Regardless of profitability, investors value these firms primarily because of their sheer scale—market dominance within the relevant segments. Uber and Tesla, each with a market capitalization exceeding General Motors, have never earned even a single penny of profit, defying traditional models of valuation. Investors presumably anticipate that monopoly (or near-monopoly) status will eventually yield monopoly profits.

And how have the new Robber Barons been behaving with their sky-high market valuations, overwhelming market shares, and hoards of cash? In a word, poorly. If actions were words, they would be parroting Vanderbilt’s infamous declaration.

Amid great controversy, Google summarily fired an engineer, James Damore, for thoughtfully questioning the assumptions of the company’s diversity policies. More recently, Google appeared to direct the dismissal of a scholar from the New America Foundation, a progressive Washington think tank backed by Google, for praising fines levied against the company by European regulators for antitrust violations. These are the actions of an intolerant bully.

In our digital world, the Internet and websites have become the indispensable medium for both commerce and political expression, serving as the modern equivalent of the printing press, Yellow Pages, mail delivery, checking account, and public library—combined. Companies servicing the Internet—and especially search engines—are de facto public utilities, with an obligation to operate fairly, responsibly, and without viewpoint discrimination. Unfortunately, the new Robber Barons have fallen appallingly short of this ideal.

For example, social media platforms such as Facebook and Twitter have been accused of censoring users’ posts; Google (through its ad placement service) has bullied conservative websites to alter their content or face financial retribution; online payment facilitator PayPal and domain administrator GoDaddy have banished or withdrawn funding servicesfor websites whose content they disapprove of; and Google has reportedly skewed search results to omit references objectionable to certain Islamic organizations.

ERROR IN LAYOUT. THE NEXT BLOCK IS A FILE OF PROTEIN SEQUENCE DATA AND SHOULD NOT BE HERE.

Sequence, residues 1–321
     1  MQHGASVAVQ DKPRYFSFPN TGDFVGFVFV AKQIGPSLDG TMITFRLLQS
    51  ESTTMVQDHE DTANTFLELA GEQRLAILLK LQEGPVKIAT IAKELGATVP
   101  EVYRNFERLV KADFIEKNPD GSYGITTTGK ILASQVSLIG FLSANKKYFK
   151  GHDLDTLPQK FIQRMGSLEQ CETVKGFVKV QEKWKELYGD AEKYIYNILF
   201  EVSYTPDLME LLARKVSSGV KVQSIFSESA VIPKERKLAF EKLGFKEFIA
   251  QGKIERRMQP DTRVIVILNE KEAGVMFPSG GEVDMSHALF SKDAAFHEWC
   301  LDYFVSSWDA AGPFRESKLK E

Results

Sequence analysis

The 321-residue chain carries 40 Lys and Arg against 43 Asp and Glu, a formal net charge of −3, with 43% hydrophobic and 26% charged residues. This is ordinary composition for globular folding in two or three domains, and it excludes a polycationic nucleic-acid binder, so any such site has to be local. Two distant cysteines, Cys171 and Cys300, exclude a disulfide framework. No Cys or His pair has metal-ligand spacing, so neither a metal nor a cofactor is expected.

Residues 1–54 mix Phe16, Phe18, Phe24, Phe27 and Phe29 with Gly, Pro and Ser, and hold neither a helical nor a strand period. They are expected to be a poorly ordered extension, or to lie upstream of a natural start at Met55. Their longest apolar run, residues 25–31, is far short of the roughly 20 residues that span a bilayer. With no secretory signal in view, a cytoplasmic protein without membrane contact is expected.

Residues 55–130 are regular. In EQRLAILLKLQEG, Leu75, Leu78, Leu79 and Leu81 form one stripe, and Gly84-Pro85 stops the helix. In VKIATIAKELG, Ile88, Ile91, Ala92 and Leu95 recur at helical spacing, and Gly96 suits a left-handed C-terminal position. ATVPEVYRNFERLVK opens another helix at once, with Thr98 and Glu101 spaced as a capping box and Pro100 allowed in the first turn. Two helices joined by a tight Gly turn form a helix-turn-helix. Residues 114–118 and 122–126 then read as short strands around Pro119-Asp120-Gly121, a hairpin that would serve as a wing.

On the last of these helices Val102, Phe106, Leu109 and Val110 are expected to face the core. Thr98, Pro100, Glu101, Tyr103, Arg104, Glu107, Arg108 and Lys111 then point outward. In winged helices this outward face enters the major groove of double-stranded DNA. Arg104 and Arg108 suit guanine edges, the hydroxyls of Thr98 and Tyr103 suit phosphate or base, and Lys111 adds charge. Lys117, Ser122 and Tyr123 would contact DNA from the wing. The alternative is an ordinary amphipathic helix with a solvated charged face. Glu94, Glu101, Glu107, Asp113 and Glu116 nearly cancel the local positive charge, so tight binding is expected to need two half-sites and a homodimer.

Most ominously of all, as reported by Paula Bolyard in PJ Media, Google is working with a coalition of liberal groups—including the discreditedSouthern Poverty Law Center—to monitor conservative websites for “hate events.” In reality, they’re policing expression of views they find disagreeable, such as opposition to the LGBT agenda, criticism of radical Islam, or support for more stringent immigration controls. The goal is to blacklist “offensive” sites, smear them as “hate groups,” and ultimately to deny them access to digital advertisers, online donations, domain registrars, or similar tech support necessary for sites to function. In other words, Google is conspiring with Left-wing activists to suppress their political opponents.  

‘Regulate Them Into Submission’

With the unprecedented ability to control the content and operation of websites, a handful of tech companies wield greater power than governments do, with little transparency and no accountability. This astonishing concentration of power should concern all citizens, regardless of political persuasion. Yet, with a few exceptions, liberals have been strangely quiet. The reason is obvious: The Left has given the new Robber Barons a pass, because they share a Progressive political agenda, as reflected by Apple’s $1 million donation to the SPLC, and the hyper-partisan direction of the Washington Post since its purchase by Amazon founder and CEO Jeff Bezos.

Should conservatives, blinded by their allegiance to the free market, condone this partisan perfidy? Increasingly, commentators on the Right recommend treating Silicon Valley behemoths as the monopolies they are and, in Kurt Schlichter’s words, either break them up or “regulate them into submission.” President Theodore Roosevelt earned the nickname “trustbuster” for breaking up James J. Hill’s and J. P. Morgan’s notorious railroad monopoly, the Northern Securities Company. In the same vein, Attorney General Jeff Sessions should investigate the nefarious conduct of the new Robber Barons.

Silicon Valley’s leftist business leaders have a peculiar notion of “creative destruction”; rather than rendering prior paradigms obsolete, they apparently seek to eliminate free speech instead.